The enharmonic tonic minor of G flat major is F sharp minor because they both start on the same note hence enharmonic
Relative major and minor share the same key signature but a different tonic note (a tonic note is the first note of the scale or in solfege tonic is DO). For example, D flat major has five flats in it's key signature and b flat minor has 5 flats in it's key signature; therefore, D flat major and b flat minor are relative.
E is the tonic of E major so therefore the tonic minor is just E minor
The tonic of E flat major is E flat. Its dominant is B flat and its subdominant is A flat.
The most important note of a chord is the tonic, followed by the third and the seventh, as they are what determines the quality of the chord (i.e. Major, minor, diminished etc.) Actually, the 7th only comes into play if it's a chord that includes the 7th. A major chord is the tonic, third, and fifth. A minor chord is the tonic, flat third, and fifth. A diminished chord is the tonic, flat third, and flat fifth. None of those chords (also several others) include the 7th.
It is a major chord. Actually, tonic is simply defined as the first note in the scale or key. All chords have tonic note. The tonic of a C chord is the C. The tonic of a C minor chord is a C. The tonic of a C minor major 7 is a C.
The tonic of Bb Major is Bb.
The first note of a major or minor scale is called the tonic note. For example: for C major, the first note (or tonic note) is C; for a minor, the first note (or tonic note) is a.
It isn't. The tonic of the relative minor is a minor third below the tonic of the major scale. C major and A minor, G major and E minor, for example. Harmonically speaking, B flat minor is the relative minor of D flat major.While the tones of C sharp and D flat are indistinguishable in equal temperament, the representations of their scales on a score are not the same at all. So it means something to keep from mixing the sharps and flats when dealing with standard harmony. The relative minor of C sharp major would be A sharp minor, a very odd key to be sure, since it includes three notes that are each double-sharped. Why bother? Stay with the flat alternatives.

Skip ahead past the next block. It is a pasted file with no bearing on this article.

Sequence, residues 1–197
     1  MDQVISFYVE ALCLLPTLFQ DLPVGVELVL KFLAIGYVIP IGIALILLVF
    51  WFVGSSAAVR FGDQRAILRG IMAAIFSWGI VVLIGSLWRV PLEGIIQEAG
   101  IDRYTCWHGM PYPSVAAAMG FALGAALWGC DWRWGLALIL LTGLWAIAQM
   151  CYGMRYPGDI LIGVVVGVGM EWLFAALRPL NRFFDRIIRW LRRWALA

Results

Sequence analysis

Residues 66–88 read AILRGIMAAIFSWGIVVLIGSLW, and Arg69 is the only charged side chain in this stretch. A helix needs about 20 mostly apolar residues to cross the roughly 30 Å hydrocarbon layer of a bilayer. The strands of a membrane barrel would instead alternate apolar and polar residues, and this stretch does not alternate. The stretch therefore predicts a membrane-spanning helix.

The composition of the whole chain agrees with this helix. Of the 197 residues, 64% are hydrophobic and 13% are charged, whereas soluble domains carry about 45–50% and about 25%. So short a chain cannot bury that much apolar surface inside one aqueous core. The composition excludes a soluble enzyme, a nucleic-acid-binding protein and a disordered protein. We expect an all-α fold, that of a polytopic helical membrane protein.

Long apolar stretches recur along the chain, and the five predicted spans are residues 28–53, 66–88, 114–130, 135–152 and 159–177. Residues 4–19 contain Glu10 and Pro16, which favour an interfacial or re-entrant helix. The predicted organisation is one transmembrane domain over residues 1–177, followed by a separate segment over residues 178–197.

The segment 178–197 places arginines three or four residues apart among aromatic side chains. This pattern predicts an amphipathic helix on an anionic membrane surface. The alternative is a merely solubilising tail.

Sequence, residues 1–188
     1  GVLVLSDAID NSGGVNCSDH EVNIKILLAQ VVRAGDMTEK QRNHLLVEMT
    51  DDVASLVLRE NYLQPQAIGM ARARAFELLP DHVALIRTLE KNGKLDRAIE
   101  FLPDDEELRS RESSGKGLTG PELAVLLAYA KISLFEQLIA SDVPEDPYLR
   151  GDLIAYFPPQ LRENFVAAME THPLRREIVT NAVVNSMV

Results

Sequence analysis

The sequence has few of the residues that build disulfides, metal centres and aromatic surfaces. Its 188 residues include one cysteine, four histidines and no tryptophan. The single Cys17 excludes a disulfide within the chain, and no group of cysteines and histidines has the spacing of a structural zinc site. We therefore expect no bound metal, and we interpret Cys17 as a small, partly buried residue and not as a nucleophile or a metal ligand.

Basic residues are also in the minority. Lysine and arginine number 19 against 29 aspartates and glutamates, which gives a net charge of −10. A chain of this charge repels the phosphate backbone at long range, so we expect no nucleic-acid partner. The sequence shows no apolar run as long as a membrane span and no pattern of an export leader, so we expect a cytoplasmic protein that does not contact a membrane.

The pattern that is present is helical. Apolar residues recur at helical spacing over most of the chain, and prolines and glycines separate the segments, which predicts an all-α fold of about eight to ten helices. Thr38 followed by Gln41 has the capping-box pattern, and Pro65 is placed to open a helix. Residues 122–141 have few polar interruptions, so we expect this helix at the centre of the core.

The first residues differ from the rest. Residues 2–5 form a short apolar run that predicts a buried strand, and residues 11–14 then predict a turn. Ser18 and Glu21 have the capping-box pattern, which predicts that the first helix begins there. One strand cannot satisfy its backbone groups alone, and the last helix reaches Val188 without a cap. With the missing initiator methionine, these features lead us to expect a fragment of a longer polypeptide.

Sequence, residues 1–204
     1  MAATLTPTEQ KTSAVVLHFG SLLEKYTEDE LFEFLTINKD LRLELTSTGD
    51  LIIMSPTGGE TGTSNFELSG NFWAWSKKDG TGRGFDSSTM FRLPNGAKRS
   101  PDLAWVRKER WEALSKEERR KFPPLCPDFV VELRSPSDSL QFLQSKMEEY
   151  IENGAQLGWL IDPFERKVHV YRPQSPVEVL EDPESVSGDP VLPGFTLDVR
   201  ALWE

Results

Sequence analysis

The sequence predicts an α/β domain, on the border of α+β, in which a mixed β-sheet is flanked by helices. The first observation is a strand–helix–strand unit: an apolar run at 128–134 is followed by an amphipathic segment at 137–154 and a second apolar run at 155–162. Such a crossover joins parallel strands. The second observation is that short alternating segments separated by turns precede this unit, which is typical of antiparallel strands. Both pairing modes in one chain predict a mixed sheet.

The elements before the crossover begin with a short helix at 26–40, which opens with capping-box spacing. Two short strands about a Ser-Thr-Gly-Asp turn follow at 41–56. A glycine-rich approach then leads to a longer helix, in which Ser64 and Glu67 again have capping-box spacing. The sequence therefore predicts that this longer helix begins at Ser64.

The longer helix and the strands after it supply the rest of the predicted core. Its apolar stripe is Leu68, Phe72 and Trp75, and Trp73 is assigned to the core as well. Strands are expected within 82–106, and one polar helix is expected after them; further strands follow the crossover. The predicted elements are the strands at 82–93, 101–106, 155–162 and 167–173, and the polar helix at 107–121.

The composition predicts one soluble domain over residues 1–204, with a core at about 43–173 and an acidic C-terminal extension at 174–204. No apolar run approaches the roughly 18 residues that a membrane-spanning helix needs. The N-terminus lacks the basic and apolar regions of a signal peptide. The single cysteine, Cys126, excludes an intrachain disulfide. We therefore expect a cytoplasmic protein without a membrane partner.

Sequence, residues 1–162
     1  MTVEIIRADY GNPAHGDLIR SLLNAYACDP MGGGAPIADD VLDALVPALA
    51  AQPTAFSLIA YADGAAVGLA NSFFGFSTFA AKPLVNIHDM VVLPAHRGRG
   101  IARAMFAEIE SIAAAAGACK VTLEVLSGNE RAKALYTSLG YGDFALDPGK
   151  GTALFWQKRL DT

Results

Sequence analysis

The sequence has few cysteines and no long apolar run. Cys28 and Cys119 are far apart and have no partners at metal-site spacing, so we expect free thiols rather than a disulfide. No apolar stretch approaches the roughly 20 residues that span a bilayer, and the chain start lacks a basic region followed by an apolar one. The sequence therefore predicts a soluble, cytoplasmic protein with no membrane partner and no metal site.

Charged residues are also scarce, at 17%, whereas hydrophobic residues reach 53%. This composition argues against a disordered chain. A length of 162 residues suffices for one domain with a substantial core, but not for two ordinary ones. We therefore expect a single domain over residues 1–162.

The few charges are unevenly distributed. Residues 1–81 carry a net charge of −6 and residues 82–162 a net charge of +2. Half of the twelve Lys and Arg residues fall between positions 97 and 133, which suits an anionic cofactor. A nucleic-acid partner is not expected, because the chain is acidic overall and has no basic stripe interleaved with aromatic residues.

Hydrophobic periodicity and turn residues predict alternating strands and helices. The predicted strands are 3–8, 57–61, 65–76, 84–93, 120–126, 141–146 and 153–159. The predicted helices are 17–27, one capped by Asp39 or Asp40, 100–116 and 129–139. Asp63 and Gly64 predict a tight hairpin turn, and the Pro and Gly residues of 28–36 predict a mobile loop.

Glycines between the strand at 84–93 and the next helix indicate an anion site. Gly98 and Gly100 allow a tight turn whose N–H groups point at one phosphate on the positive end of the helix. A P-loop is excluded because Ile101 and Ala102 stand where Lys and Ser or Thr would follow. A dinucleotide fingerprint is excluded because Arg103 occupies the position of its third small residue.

The difference is that F major's tonic is F and D minor's tonic is D. Most songs and pieces end either with the tonic of the key signature or a chord with the tonic. Both have a key signature of 1 flat and all the notes are the same except that in D minor the C is raised (incidentally) to C sharp.
A flat major is the relative minor of F minor.
E flat major F major G minor C minor A flat major D minor C major
The tonic note of any diatonic scale is the first note (starting note) of the scale. In the case of G-flat major the tonic note is G-flat!
Parallel major and minor keys have the same tonic pitch. Therefore, E minor is the parallel minor of E Major.
The relative major for B flat minor is C sharp major (also known as D flat major).
Transposed up a minor third, B flat major becomes D flat major.
Tonic, supertonic, mediant, subdominant, dominant, submediant, leading note, tonic again..
It depends on which key. It's the tonic in C major/minor, the 2nd in Bb major/minor, the 3rd in Ab major and A minor, the 4th in G major/minor, the 5th in F major/minor, the 6th in Eb major and E minor, and the 7th in Db major and D natural minor.
The supertonic is the second note of a scale, so the supertonic of E-flat major is F.